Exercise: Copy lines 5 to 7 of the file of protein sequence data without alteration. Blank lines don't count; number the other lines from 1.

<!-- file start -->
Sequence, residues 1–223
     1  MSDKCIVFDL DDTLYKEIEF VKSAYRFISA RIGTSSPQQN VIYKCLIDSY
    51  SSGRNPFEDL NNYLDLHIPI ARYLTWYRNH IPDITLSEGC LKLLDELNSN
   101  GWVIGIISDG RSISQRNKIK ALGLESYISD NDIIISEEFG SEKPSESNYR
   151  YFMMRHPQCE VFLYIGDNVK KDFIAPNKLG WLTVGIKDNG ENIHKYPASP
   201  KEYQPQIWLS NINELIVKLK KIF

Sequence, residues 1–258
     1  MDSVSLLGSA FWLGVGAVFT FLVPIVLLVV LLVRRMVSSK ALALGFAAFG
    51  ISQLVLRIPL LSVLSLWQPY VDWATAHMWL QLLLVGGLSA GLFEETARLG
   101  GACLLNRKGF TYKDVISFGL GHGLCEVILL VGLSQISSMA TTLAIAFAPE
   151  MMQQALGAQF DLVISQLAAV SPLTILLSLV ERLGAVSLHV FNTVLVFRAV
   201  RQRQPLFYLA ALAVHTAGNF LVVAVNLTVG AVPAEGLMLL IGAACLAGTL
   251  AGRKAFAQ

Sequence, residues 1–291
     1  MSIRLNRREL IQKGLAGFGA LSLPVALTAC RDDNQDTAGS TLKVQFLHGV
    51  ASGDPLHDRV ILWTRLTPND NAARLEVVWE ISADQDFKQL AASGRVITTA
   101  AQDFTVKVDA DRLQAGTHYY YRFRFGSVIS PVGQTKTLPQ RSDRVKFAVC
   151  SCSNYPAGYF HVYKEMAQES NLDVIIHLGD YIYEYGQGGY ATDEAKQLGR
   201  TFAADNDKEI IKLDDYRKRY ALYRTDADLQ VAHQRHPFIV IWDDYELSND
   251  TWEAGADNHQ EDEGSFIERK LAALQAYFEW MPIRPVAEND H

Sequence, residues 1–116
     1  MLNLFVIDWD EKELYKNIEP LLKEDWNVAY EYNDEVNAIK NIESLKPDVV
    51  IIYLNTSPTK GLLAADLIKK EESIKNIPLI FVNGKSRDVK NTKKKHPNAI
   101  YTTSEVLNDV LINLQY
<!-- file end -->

   151  YFMMRHPQCE VFLYIGDNVK KDFIAPNKLG WLTVGIKDNG ENIHKYPASP
   201  KEYQPQIWLS NINELIVKLK KIF

Sequence, residues 1–258